The one thing that most people got right about 2020 this time last year is that this year would require greater focus. Before pushing 2020 aside, look behind you and bring the past 12 months into clear focus. What do you see, not what did you experience, but what do you see?
When a great teacher — not that I am in that universal set of great teachers — directs a student to focus on a specific problem or thing, it is to cause the student to become aware of the essence of that thing. In living the 2020 experience, did you miss anything? Were there lessons to be learned that you missed because you were trying to survive the economic hardship and stay away from the coronavirus?
If so, I suggest you grasp those lessons now before the clock strikes a new year in a few hours. The year 2020 unfolded purposely. Can you see your purpose developing into 2021? If not, you still have time. Take a few minutes and reflect on how you got from December 31, 2019, to December 31, 2020. It took some effort on your part, and since I am a man of faith, I must add, a degree of grace from the Divine. Lessons learned in 2020 are the building blocks for the future.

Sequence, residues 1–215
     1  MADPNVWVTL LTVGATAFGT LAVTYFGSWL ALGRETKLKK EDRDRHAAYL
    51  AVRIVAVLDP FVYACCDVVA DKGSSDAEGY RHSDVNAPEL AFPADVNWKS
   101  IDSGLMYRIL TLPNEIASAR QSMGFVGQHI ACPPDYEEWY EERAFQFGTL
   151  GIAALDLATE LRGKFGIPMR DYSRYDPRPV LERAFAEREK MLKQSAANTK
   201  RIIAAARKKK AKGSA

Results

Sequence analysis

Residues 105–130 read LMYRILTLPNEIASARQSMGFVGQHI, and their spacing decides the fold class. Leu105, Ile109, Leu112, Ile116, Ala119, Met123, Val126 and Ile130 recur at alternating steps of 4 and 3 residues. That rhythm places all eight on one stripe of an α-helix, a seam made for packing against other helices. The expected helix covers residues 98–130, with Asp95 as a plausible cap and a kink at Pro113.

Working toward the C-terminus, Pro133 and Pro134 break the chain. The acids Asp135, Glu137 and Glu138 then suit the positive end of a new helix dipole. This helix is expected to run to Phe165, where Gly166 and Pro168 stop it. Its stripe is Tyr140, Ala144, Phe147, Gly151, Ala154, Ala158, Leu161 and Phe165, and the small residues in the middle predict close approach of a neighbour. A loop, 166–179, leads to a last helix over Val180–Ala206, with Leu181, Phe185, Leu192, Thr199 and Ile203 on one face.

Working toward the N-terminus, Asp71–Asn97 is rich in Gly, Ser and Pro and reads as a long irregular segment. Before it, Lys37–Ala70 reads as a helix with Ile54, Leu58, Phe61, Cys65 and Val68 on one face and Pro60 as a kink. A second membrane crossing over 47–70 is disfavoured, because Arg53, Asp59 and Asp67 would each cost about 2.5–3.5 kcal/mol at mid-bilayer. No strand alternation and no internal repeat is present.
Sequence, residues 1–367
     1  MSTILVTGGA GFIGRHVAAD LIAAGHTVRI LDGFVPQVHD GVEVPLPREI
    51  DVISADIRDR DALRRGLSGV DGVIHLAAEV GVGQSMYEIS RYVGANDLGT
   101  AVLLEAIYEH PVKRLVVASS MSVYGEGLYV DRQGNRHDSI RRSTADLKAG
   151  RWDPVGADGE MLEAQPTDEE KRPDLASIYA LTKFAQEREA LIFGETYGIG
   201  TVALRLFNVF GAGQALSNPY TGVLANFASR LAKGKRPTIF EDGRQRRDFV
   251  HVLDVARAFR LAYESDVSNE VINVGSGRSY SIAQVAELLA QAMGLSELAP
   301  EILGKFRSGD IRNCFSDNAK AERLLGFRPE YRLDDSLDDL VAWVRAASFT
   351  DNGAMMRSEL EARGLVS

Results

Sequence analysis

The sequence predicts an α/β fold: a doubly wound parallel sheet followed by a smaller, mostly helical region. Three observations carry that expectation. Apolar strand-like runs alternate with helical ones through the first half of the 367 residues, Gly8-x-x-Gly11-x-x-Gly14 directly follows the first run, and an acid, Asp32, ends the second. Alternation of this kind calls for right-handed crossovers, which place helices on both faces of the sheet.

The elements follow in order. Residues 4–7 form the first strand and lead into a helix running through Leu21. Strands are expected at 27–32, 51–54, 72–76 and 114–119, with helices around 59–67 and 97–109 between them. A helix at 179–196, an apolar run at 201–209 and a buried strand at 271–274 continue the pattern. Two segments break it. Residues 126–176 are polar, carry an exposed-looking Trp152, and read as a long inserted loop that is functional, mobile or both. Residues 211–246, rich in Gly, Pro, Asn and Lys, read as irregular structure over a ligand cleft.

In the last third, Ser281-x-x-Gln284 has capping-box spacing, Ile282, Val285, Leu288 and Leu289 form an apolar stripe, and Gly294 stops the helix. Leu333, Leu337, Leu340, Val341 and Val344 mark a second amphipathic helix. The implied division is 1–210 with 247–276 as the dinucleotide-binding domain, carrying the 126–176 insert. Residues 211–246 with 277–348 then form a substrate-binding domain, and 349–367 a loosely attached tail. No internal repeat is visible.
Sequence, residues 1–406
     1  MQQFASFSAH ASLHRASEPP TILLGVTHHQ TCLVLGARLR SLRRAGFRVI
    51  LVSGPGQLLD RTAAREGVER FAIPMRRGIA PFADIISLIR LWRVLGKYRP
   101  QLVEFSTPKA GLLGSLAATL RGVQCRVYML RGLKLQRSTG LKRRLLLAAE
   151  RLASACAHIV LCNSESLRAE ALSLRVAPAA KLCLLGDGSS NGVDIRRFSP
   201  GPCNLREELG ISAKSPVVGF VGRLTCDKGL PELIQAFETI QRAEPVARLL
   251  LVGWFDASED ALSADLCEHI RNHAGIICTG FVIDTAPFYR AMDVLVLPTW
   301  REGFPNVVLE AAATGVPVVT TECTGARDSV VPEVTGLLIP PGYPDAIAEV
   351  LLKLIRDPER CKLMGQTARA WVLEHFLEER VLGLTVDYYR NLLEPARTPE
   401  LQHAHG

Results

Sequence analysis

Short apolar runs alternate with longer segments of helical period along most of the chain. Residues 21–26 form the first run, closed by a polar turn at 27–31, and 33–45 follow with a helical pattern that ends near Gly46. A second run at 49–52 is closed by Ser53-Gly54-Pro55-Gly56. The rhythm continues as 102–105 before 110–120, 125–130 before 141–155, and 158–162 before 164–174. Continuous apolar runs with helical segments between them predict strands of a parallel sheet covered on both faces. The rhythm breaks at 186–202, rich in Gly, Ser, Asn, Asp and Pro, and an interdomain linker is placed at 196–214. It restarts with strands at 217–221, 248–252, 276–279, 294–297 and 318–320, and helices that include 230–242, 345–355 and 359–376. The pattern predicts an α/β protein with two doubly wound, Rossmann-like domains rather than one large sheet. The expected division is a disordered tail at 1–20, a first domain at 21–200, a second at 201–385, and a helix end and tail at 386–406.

I am afraid many people are missing the lessons of the year of clearer vision, for indeed, 2020 is the year of clearer vision, the hardships of the pandemic notwithstanding. I say this because my social media pages have many messages about quickly ending 2020 and jumping into 2021, with a unique twist, this time without any expectations what 2021 will bring. As if to say, who cares, good riddance 2020, 2021 must be better than the year of clearer vision.
Each year has 365 days, except every fourth year, like 2020, which has 366 days. I relish each day of each year, and I am not in a rush to end one year — this pandemic riddled year included — to get to another year because I realize that the next year will come in due course and bring its own set of challenging experiences.
Like most people on the planet, I have lost family and friends to coronavirus. There are other events that I have suffered, which are personal to me, as there are personal issues each of you endured this year. So, I get it that 2020 has been a different year to navigate.
But I have also had successes in 2020. I wrote two books this year, and my before mentioned memoir won a Bronze Medal. I sold more books in 2020 than in previous years. I have not had to stand in line for food like many of Atlanta’s wealthier residents, I bought a convertible Jaguar, a sports car that I have dreamed of since I was 15 years old, and I have not missed any bill payments. By these standards, or at least, on this side of the ledger, 2020 has been a terrific year.